How did you start in photography?
Like most it seems, it was my grandad who encouraged me as a child to photograph my family, he was always there when you were sulking, had a splinter or a bee sting. It wasn’t until art college that I realised just what I had learned from Grandad and used composition and colour theory to build an image just like he did with his family portraits.
What is your genre and how did you fall into that genre?
I certainly don’t limit myself to one genre but I don’t shoot everything either! My first commercial opportunity came in the form of a nighttime guided nature walk on a brand-new housing estate.
After seeing a few of my BTS ballet images shot from the theatre wings, the community development team approached me to tackle the very low-light event lit only by torches. The success of this 1 image gained their trust and the past 10 years of event work.
What advice do you have for those starting out?
Get to know and experiment with EVERYTHING your equipment can do. Don’t be afraid to push every dial, knob, or button, you won’t break it, a mistake now (as long as you review and learn from that mistake) could be called upon in a future project.
What has been one of the most memorable moments in your career so far?
Many great opportunities have been had so far but shooting the wedding of a terminally ill man with a young family days before he passed. As hard as it was, my sole goal was to use every skill, trick and technique I have ever learned to ensure his wife and children will have beautiful and lasting images of them together (unfortunately covered in snot and tears) but a few hard smiles were had.
What is your favourite piece of equipment?
The Camranger was a game-changer in 2012 and was in my bag until it evolved in 2018. V2 came with increased signal strength & is used at least once a week wirelessly tethering clients directly to my camera.
A camera with ABSOLUTE silent shooting functionality is another favourite.
Are personal projects a part of your journey and if so where do you find the inspiration?
I can certainly see the benefits of personal projects, however, mine are usually making or modifying equipment to enhance the job or create something I wish existed but doesn’t.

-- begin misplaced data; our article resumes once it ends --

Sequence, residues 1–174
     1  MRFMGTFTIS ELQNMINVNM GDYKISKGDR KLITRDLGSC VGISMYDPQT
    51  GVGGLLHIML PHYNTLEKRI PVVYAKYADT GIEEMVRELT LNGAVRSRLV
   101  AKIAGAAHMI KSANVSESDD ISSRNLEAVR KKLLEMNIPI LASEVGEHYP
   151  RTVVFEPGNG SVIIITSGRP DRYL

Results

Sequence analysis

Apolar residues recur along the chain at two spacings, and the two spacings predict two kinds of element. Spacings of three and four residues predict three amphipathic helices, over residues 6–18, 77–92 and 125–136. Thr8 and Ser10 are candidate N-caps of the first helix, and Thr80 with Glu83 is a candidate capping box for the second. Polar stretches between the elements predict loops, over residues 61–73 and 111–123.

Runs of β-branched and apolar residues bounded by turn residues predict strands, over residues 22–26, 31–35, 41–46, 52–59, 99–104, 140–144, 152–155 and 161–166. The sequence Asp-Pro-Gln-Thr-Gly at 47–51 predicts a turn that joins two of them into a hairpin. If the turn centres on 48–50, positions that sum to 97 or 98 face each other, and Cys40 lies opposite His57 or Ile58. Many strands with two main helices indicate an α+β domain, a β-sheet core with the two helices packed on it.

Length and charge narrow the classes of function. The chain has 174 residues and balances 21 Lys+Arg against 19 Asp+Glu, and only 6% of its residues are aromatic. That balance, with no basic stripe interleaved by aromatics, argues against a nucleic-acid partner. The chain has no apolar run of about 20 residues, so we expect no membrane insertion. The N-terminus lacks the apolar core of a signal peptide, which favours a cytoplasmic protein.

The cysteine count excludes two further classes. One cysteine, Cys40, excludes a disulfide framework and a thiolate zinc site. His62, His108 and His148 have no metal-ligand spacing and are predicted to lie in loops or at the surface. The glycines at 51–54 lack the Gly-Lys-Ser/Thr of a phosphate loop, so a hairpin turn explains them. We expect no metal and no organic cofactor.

What do you feel has been your biggest achievement so far?
Holy macaroni there have been, like you all, so many achievements but still to this day shooting my own children’s passport photos was so simple yet genuinely a proud moment to see it at a customs checkpoint.
Do you feel your photography style has changed over the span of your career?
Every new client brings new expectations and sometimes new skills to learn. I have plotted the evolution of my business over the past 10 years.
From Shooting backstage at the theatre shows I built.
A chance image posted to early social media of a ballet I shot from the theatre wings led to event photography for a development company, that team needed headshots which introduced me to the team needing lifestyle imagery and the public open spaces being landscaped as part of the developments. Aerial photography evolved from needing a better angle to capture the estates.
At the same time, A choreographer whose dance I shot brought me on board to shoot a theatrical fashion show she worked on which introduced me to the modeling agency that needed a studio photographer. This taught me the skills to control lighting and direct people on set and location which intern changed how I shoot headshots & corporate campaigns, fashion and children.
If you had not chosen photography as a profession/interest, what would you be doing?
I spent 25 years building and painting sets for theatre, film, commercials, window displays and other photographers. I’d probably still be doing that.